"Everything is brand new," the running back said. "New coaching staff … new lockers room, new everything."
Shealy said, "We are literally starting from scratch. … There are things you just wouldn't think about, but our players were incredibly patient."
After completing its first season, HBU appears to be off and running toward next season.
Jensen said OBU's team ran into their share of awkward moments as well.
Simple things like scheduling practices for the new program weren't easy. This past year, because of a slew of scheduling conflicts, OBU football practices began at 6:30 a.m. This led to some early mornings when portable lights had to be brought in for practice because it was still dark.
"The funniest thing is before we got those lights, my special teams coordinator … would be underneath street light with all of his players trying to do walkthroughs so that they could see," he said.
'My mission field'
In addition to their on-the-field responsibilities, the coaches recognize their roles as spiritual mentors off the field.
Though both schools carry Baptist in the name, the coaches acknowledged that football is going to bring students on campus who don't always share the same Christian values.
"I would love for all of my players to be Christians, but the reality is that not all of our players are," Jensen said. "But they are presented with the Gospel here."
Jensen, who said he likes "wearing my faith out front," described coaching as "my mission field."
"It is a critical part of the environment at Oklahoma Baptist University, and it is something they're going to be exposed to while they're here," he said.
Nyko Symonds, OBU's wide receiver and a team captain, said his life has transformed since transferring from Oklahoma University's football team to OBU for more playing time. (Read more of Symond's testimony in separate BP story.)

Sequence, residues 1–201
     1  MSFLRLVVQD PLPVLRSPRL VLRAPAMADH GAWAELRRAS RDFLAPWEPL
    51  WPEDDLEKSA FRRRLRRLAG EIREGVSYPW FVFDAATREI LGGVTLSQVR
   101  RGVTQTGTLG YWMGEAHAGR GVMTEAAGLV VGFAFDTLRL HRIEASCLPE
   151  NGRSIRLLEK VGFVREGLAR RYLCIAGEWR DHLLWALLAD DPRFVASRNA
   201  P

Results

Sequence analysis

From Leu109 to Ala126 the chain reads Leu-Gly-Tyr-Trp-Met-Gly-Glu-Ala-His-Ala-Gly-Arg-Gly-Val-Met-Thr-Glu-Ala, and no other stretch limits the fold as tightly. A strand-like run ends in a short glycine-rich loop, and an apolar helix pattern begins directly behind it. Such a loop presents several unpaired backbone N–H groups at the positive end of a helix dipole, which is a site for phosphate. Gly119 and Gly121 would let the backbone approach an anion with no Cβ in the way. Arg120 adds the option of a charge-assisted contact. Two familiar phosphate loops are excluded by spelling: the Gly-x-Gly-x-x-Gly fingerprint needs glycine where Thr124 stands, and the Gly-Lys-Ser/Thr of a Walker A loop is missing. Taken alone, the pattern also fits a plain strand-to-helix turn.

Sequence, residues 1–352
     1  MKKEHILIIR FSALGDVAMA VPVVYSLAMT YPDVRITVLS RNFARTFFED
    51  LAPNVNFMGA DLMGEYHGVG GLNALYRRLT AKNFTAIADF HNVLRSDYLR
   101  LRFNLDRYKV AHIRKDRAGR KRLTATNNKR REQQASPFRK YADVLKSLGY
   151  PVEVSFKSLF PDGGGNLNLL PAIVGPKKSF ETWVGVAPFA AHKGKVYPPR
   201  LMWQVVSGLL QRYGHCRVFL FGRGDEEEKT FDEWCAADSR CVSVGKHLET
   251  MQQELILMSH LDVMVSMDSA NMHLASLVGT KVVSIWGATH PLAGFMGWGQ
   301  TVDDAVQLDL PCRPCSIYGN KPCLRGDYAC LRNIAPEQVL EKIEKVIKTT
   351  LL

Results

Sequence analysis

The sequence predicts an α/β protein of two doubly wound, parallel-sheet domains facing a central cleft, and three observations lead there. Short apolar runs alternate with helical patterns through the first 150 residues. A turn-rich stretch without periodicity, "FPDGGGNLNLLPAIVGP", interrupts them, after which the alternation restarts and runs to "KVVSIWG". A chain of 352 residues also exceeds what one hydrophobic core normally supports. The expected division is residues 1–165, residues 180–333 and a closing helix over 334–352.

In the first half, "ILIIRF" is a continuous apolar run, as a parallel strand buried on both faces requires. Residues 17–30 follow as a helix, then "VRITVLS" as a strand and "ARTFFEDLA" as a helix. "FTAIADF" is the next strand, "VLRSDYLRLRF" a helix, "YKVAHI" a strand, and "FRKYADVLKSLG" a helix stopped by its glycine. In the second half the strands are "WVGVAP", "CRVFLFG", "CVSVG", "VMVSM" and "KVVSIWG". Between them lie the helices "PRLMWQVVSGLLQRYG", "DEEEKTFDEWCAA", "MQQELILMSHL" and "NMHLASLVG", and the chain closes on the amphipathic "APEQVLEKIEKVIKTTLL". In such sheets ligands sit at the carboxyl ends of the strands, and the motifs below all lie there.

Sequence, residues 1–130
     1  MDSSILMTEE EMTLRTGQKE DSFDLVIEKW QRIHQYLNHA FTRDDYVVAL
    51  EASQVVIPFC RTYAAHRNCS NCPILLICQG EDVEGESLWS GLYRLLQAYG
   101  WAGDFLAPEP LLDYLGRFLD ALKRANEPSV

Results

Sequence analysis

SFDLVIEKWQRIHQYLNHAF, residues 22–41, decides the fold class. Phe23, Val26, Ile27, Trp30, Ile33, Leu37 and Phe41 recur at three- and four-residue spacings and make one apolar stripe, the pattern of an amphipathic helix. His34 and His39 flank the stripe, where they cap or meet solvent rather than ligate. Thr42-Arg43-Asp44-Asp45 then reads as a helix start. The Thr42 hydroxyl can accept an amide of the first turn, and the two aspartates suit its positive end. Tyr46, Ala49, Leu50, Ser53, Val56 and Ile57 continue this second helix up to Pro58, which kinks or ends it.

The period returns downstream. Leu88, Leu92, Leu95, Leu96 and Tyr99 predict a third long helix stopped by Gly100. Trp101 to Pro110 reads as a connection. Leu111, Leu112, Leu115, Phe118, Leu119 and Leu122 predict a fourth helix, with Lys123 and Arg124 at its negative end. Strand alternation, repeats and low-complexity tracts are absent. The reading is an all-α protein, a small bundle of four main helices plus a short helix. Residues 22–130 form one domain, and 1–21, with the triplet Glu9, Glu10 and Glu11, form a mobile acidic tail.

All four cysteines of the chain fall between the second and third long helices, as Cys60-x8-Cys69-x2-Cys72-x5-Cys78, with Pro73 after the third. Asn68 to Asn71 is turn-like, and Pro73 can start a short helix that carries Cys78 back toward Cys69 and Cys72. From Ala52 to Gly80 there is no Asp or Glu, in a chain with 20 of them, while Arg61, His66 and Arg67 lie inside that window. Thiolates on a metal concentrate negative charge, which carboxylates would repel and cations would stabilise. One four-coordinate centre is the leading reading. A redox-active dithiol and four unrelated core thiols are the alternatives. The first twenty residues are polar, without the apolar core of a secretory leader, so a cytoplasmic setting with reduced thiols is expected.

Since deciding to transfer, Symonds has changed his communications major to pastoral ministry and is minoring in Bible. While Symonds added that OU has a tremendous program and strong believers on the team, he said he believes God led him to OBU for a reason.
"Just being at , I feel like God is doing such a big thing with this group of guys that's there right now," he said.
"I think it really showed me God is calling me to preach the Word in some form or fashion. … OBU is such a special place -- such a great place to be a part of."
HBU's Kelly shared about the ministry opportunities he's encountered with friends who become more curious about following Jesus.
"That's the Lord bringing them there, putting them in a situation and them following Him -- without them even knowing it," he said. "It's a blessing in disguise."
Kelly said he was able to lead a friend of a fellow teammate to Christ.
"One night we just praying together, and he … was saying how he wanted the Lord to come into his heart, and He did. It's things like that that just keep me going."
Since the program began, about 20 HBU football players have made decisions for Christ.
"I do believe at the end of the day that the Lord is going to look at us and not care too much about how many championships we've won," he said.
"I believe I'm held accountable to how many lives are … becoming a Christ follower," he said. "If we're successful in that area then our program hopefully is going to be successful."
Shawn Hendricks is managing editor of Baptist Press. Get Baptist Press headlines and breaking news on Twitter (@BaptistPress), Facebook (Facebook.com/BaptistPress ) and in your email ( baptistpress.com/SubscribeBP.asp).